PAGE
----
Mohammed and his two co-founders set out to create the first Whole Body Digital Twin (WBDT) using knowledge gained from the IoT industry. It is derived from the idea of a "digital twin" used in the industrial sector, which is a virtual version of a real-world system or object that is linked to the digital world by sensors collecting data from it.
Another instance of digital twins winning integration is in India. India may soon join the ranks of nations and cities that have created digital twins to improve their efficiency, coordination, and governance, including Singapore, Yingtan in China, Dubai, Saudi Arabia, Auckland, Helinski, and US states like Boston, Colorado, and Orlando.
Another field where digital twins were utilized was in the recreation of the gigantic Titanic. The first full-size 3D scan of the Titanic has been made by researchers as part of the largest underwater 3D capture operation ever and it was carried out by the Atlantic Production team. The digital doppelganger of the Titanic displays the disaster's aftermath with a level of clarity and detail that has never been seen before.
What is the Future of digital twins Look Like?
There is little doubt that current operational paradigms are undergoing a major transformation. Asset-intensive businesses are experiencing a disruptive digital reinvention that is redefining operating models and necessitating an integrated physical plus digital view of assets, equipment, buildings, and processes. A crucial component of that realignment is digital twins.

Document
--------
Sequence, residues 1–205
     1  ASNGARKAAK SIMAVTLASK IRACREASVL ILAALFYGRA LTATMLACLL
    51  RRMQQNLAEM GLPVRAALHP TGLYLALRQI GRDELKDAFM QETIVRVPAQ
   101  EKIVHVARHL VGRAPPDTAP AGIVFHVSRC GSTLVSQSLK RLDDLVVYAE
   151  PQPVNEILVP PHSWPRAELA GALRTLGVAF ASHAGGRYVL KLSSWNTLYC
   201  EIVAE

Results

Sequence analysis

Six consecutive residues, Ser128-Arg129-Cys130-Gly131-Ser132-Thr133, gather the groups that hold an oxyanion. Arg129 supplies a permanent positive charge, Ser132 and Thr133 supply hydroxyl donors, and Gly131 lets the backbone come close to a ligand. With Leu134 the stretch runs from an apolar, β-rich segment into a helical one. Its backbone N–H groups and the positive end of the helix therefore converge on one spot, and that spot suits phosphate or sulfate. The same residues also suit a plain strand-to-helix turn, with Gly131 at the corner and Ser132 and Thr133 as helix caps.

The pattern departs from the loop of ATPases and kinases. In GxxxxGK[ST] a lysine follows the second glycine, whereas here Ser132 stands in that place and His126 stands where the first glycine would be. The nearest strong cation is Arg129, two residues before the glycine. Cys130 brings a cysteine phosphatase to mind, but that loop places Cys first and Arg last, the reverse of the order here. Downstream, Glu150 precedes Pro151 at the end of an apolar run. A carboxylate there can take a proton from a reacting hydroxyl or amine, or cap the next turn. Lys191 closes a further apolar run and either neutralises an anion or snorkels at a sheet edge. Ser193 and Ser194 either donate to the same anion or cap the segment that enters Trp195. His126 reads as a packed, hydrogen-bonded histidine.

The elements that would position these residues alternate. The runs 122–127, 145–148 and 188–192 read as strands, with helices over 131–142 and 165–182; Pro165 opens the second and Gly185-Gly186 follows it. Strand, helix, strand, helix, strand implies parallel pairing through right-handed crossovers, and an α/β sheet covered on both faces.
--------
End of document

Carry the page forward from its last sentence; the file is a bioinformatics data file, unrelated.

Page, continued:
Due to the ongoing allocation of more and more cognitive resources to their utilization, the potential of digital twins is almost endless. Digital twins are able to continue to produce the insights required to improve products and streamline operations since they are always acquiring new knowledge and abilities.
Digital twin technology is used to 3D reproduce a number of buildings, locations, and individuals for a wide range of industries in addition to scanning the Titanic's shipwreck. To better forecast and prevent player injuries, the NFL, for instance, uses digital twins to construct a virtual depiction of each NFL player. Some NFL stadiums also allow daily administration and game-day operations with a virtual model of the facility.
Digital twins are used by architects to increase productivity and security. The first ropeless elevator for a high-rise building was built by TK Elevator and Microsoft Azure using a digital twin. Instances like testing emergency brakes, which would have been expensive and time-consuming in the actual world, were simulated by the digital counterpart.
The use of digital twin technologies has the potential to bring about a number of important advantages, including decreased maintenance costs, data-driven change, product creation, and machine control. They are consequently fast gaining acceptance and popularity across numerous industries.